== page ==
This Is Exactly How Long It Takes to Do Those Chores You’ve Been Putting Off (I Timed It!)

published May 2, 2022
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Credit: Elissa Crowe

Procrastination is a beast. By enticing us to put off tasks we dread, it robs us of our time and joy and loads us with the burden of things undone, which becomes heavier and heavier the longer we carry it. 

Often, when you’re putting off household chores, it can be because you believe that whatever task you’re putting off will require more energy, angst, pain, or time than you have. But like a looming shadow that makes something small look far more scary than it is, these exaggerations are often untrue. 

The only thing that truly eliminates the dread haunting us is doing the thing. We all know this. But how can we help ourselves face the monster? 

One way to de-fang that hovering creature breathing down our necks is to expose the lie that completing a chore is going to take such a long time. In truth, that thing you’ve been putting off might take a mere few minutes. Trading a small amount of time for freedom from the weight of your unfulfilled responsibilities is obviously a worthwhile tradeoff. When it comes to household chores you tend to procrastinate on, I’m about to hand you the sword to slay the beast. 

Bridging that gap between knowing how great we’d feel if we just did the thing and actually doing it might be a matter of simply knowing how long it takes to get to the other side. I actually timed how long it took me to perform many of the home keeping tasks it’s easy to drag my feet on. Realizing the relatively small cost of getting these things done, compared to the inflated cost of a long stint of procrastination, helped me face them and check them off my lists victoriously. 

With the hopes that it might just help you too, here’s exactly how long it took me to do these often-procrastinated tasks: 

Clearing off cluttered kitchen counters.

Dealing with clutter can feel overwhelming, but the impact of cleared-off surfaces on your state of mind at home is huge. Clearing off cluttered kitchen counters transforms the feel of the whole room so you can work in the kitchen in peace. It takes: Five minutes.

Washing the family’s water bottles.

A collection of water bottles waiting to be scrubbed with the bottle brush and scoured in all their grooves and nooks and crannies would make anyone want to turn their back on the job. But making sure water bottles are sanitary is a matter of health and safety. With seven people in our family, my collection is larger than most. To wash them all, thoroughly, straws and all, took me: 11 minutes.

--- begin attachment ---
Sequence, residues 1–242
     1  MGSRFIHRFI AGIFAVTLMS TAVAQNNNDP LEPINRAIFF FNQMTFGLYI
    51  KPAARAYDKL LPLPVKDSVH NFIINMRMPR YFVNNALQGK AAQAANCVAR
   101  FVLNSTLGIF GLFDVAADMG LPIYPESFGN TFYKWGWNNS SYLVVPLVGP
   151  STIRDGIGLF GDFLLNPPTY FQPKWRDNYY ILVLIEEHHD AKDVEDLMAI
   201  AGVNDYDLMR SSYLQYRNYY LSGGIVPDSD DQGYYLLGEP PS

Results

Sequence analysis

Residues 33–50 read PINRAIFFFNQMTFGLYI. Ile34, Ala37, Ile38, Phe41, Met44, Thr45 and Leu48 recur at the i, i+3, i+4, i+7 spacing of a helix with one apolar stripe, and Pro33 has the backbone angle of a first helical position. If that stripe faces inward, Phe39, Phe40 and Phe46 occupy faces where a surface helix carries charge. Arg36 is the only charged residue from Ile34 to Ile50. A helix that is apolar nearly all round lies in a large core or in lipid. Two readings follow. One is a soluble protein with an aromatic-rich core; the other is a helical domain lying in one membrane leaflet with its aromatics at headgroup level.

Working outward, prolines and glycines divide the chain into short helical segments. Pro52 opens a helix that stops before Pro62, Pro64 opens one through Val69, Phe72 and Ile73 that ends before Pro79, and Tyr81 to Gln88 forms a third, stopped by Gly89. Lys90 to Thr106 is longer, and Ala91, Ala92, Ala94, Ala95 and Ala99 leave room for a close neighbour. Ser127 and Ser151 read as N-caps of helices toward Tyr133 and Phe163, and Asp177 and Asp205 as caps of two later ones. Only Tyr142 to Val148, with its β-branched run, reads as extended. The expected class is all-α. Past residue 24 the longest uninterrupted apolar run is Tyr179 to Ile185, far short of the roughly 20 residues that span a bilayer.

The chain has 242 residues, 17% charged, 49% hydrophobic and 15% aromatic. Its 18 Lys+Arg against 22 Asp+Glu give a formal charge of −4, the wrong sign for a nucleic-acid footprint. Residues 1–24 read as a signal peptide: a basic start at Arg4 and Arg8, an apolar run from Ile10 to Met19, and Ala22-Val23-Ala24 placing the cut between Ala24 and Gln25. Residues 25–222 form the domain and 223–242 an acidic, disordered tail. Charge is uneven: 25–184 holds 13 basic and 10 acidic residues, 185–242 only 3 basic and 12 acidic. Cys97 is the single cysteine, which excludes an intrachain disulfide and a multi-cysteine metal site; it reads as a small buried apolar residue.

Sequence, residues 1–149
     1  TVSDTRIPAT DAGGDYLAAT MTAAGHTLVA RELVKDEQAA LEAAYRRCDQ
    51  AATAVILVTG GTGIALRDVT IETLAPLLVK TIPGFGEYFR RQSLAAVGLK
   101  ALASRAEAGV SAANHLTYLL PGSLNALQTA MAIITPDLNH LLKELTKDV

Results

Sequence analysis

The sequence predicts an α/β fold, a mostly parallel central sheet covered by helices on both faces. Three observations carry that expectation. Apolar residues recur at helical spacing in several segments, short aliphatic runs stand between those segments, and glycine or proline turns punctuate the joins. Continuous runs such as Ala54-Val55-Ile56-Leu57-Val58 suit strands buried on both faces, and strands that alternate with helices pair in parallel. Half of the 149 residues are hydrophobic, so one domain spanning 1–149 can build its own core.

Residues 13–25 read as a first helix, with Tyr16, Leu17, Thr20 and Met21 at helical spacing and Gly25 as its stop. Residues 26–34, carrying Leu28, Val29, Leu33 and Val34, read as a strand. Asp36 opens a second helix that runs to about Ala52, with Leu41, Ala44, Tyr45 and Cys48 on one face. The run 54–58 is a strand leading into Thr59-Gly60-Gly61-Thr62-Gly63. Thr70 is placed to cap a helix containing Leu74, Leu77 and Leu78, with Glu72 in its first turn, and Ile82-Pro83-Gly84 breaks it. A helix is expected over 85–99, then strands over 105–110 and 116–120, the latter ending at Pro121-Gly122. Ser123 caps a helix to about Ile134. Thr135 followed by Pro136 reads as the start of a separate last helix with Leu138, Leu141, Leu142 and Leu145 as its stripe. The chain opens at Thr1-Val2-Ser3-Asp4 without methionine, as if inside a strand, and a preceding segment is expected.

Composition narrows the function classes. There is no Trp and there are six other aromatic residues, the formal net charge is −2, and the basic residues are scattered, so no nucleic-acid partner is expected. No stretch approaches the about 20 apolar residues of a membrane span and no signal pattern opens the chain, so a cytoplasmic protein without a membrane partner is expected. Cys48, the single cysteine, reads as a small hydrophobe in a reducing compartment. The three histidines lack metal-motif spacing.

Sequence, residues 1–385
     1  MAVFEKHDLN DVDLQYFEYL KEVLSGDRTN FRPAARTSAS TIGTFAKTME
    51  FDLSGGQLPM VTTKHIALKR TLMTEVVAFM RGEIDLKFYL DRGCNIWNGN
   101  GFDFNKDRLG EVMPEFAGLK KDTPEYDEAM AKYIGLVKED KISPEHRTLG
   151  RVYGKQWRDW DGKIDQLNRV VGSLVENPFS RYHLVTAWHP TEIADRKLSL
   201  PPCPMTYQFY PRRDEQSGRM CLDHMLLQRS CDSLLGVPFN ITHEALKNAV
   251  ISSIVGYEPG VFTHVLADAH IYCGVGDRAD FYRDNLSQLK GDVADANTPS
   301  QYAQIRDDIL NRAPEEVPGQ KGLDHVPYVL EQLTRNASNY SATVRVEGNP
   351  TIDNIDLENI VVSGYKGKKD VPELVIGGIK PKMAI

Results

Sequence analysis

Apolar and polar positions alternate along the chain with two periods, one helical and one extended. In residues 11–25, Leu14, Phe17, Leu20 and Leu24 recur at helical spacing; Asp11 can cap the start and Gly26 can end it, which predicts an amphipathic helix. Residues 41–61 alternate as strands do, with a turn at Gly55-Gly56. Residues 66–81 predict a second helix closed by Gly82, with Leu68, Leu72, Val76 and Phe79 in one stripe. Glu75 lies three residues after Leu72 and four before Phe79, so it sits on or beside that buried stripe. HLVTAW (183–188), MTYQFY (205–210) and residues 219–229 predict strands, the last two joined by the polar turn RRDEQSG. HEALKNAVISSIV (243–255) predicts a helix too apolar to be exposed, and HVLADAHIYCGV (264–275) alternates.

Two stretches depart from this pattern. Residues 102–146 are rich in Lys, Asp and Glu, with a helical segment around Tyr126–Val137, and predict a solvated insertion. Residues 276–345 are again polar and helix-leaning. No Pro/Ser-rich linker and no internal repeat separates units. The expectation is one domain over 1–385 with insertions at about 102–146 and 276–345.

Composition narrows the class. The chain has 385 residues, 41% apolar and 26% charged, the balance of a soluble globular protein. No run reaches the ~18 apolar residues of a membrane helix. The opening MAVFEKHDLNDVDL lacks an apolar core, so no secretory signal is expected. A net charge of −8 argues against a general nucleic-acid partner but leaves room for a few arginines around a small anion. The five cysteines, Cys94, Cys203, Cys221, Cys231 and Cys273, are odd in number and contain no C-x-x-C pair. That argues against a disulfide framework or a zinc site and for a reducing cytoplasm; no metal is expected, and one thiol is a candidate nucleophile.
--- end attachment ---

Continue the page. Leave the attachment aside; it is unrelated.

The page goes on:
Straightening up a desk.

This one is tricky because straightening up can actually be a way we procrastinate when we have work to do. However, most of us do better work when our environment is orderly. In fact, we might be avoiding work because we recoil at the thought of sitting at a messy desk. To straighten up a relatively disordered desk so that your workspace is clear and calm took me a grand total of: Four minutes.

Putting a load of laundry away.

In a perfect world, every load of laundry would be folded while it’s still warm from the dryer and put away immediately. In real life, laundry often happens in fits and starts: a load gets tossed into the washer here, half the basket gets folded there. One big bottleneck in the whole process is stacks of folded clothes that haven’t been put away. This is one of my biggest sticking points. But putting away an entire load of folded laundry took me a mere:
Two-and-a-half minutes.

Get returns ready to send back.

Returns are the clutter you can’t just send to the donation center and the prospect of processing them (packaging them up, getting the QR code from Amazon, printing return shipping labels, etc.) can make you freeze. But getting them out of the house — and getting your refunds on their way to you! — will be a big weight off. Getting a typical set of returns ready to get shipped back took me about: Two-and-a-half minutes.

Resetting your living areas.

Along with living in our common areas comes a decent amount of mess. And in order to recharge in these same spaces, it’s best to have them picked up and somewhat clean (meaning: no crumbs on the carpet, no film of dust on the end table, etc.). For me, a reset includes putting out-of-place items where they belong, replacing and fluffing pillows, straightening items that belong on surfaces, and performing very light cleaning. To clean a two-room common area inhabited by kids (IYKYK) took me about: 11 minutes.

Vacuuming upholstered furniture.

This is one of those tasks that feels like a deep cleaning chore, one relegated to that far off, unspecified weekend when you’ll clean all those things you rarely clean. But fur and crumbs on furniture look and feel messy. To remove them thoroughly from a huge sectional and a small love seat (and to create those delicious vacuum lines on the velvet one) took me:
Seven-and-a-half minutes.

Folding a load of laundry.

Not all loads of laundry are created equal. A basket full of adult clothes won’t take as long to fold as one full of tiny toddler and baby clothes, which is what I folded when I timed myself. Even still, the amount of time it took was less than the length of a Netflix episode. Moving that laundry train along is always worth the effort and, in this case, took me just:
20 minutes.

Realizing you can check off a bunch of your to-dos in less than half an hour might be precisely the motivation you need to vanquish housekeeping-related procrastination for good.